CommBank’s Legal Market Pulse has identified the top five business challenges which law firms believe are making an impact on the way they do business.
According to the report, negotiating prices with clients remains the most challenging condition among law firms, with 70 per cent of respondents identifying this as the top concern. In comparison, last year’s report revealed that 76 per cent of respondents selected this as a business challenge, indicating a slight decrease for this year’s report.
Winning new business was highlighted as the second business challenge affecting law firms, with 63 per cent selecting this option. This is up from last year where 61 per cent identified this as a business challenge.
This was followed by keeping staff fully satisfied, with 45 per cent selecting this option (down from 53 per cent in 2016); competing with other firms, with 43 per cent selecting this option (down from 53 per cent in 2016); and collecting invoices, with 33 per cent selecting this option (down from 45 per cent in 2016).
“Firms continue to report that a changing market has created highly challenging conditions,” the report said.
“Feedback from survey participants suggests clients have been seeking both greater value and increased price certainty, with an increasing number of firms exploring value-based alternatives to hourly billing.
“There has also been no improvement in the proportion of firms who find winning new business challenging, especially in the top tier[s] (six out of eight firms).
However, firms have become slightly more likely to say that competing with other firms is manageable (52 per cent) or easy (5 per cent) than challenging — suggesting that the initiatives many firms have taken to improve their competitive position are beginning to gain traction.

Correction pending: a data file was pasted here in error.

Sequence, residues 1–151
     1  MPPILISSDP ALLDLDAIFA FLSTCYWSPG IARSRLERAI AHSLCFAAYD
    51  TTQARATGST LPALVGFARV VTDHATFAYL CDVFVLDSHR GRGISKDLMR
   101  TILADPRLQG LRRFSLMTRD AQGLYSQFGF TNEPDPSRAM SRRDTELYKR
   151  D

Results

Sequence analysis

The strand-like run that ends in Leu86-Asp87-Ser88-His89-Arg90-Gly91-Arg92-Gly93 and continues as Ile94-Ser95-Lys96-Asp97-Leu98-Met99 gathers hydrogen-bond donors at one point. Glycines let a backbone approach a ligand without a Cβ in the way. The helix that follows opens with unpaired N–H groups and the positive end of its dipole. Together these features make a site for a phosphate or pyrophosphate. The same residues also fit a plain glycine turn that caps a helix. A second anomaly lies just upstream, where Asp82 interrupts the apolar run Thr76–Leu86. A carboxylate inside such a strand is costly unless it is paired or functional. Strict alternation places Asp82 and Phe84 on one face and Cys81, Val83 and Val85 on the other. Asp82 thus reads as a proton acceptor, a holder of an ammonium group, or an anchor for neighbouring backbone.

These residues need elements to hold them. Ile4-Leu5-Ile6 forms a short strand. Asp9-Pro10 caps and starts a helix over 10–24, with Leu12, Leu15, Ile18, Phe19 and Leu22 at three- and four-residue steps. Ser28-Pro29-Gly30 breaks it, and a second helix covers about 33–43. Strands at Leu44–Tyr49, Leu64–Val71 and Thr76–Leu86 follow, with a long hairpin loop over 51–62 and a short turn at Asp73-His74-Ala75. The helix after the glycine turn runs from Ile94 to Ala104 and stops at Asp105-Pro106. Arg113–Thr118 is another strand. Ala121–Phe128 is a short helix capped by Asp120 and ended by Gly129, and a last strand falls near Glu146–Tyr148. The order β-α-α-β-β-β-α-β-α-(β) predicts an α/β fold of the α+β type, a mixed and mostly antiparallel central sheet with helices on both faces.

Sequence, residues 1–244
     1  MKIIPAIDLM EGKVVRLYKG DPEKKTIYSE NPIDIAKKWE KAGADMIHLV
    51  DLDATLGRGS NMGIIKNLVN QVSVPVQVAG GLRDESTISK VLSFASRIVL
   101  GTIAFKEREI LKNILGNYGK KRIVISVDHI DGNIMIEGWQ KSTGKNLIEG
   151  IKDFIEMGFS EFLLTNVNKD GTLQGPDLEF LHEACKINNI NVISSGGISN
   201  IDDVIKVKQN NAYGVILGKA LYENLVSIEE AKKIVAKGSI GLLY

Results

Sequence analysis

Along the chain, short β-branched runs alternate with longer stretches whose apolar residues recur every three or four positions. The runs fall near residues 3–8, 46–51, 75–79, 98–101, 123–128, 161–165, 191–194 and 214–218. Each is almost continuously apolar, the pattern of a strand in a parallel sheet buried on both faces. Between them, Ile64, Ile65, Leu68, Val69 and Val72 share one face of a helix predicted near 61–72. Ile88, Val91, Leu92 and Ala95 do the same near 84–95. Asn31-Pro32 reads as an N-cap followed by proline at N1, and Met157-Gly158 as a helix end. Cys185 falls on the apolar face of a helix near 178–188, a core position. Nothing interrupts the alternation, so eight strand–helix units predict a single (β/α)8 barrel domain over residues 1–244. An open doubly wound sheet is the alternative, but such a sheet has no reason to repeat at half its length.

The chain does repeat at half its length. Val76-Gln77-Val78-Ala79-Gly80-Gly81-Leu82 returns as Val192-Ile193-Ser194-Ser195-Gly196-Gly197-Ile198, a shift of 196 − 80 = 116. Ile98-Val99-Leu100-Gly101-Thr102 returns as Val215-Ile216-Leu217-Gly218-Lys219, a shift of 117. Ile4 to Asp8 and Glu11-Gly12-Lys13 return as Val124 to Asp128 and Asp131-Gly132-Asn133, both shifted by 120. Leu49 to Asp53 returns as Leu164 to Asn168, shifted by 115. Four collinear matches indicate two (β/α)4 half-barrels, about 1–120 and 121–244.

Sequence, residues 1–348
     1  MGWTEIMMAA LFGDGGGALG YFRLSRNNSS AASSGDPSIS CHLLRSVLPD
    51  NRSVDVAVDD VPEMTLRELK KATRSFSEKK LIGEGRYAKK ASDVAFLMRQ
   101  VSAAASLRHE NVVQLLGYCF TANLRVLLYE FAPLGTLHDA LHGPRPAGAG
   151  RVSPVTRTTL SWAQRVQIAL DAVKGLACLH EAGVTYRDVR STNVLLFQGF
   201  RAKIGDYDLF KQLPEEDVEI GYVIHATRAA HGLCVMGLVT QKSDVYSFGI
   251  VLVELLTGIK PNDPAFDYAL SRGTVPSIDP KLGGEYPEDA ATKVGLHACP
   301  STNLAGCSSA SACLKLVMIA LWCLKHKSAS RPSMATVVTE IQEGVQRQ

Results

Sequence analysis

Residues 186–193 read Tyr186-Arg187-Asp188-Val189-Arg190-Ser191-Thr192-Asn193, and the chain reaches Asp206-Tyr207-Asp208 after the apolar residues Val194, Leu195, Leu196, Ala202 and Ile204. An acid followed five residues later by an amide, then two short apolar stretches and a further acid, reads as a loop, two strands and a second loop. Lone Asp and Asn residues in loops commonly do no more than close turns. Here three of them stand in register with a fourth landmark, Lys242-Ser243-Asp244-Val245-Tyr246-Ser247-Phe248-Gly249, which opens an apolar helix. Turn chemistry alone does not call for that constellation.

“Concerns about staff utilisation have also eased, with a number of firms reducing headcount or changing their staffing mix in response to altered market conditions.”
Earlier this year, Lawyers Weekly conducted its first ever Disruption Snap Poll, hearing from a pool of respondents who were asked to share their thoughts on what technological disruptors – such as AI and big data – and economic/market disruptors – such as NewLaw firms and flexible working arrangements – would most heavily alter the way legal services are delivered.
To find out the former, respondents were asked: ‘In the next 12 months, which of the following technological disruptors will have the biggest impact on the legal industry? (You can select more than one)’
Intelligent contracts and e-contracts were cited as the biggest technological disruptors believed to impact the legal industry in the next 12 months, followed by social media, e-discover technology and big data.
To find out the latter, respondents were asked: ‘In the next 12 months, which of the following economic/market disruptors will have the biggest impact on the legal industry? (You can select more than one)’
Corporate counsel handling more work in-house was highlighted as the biggest disruptor to affect the legal industry in the next 12 months, followed by the outsourcing of legal work, boutique firm specialisation, graduate oversupply impacting remuneration and the morphing of law firms into more general business advisory firms.
To check out the full results of the Lawyers Weekly Disruption Snap Poll, click here.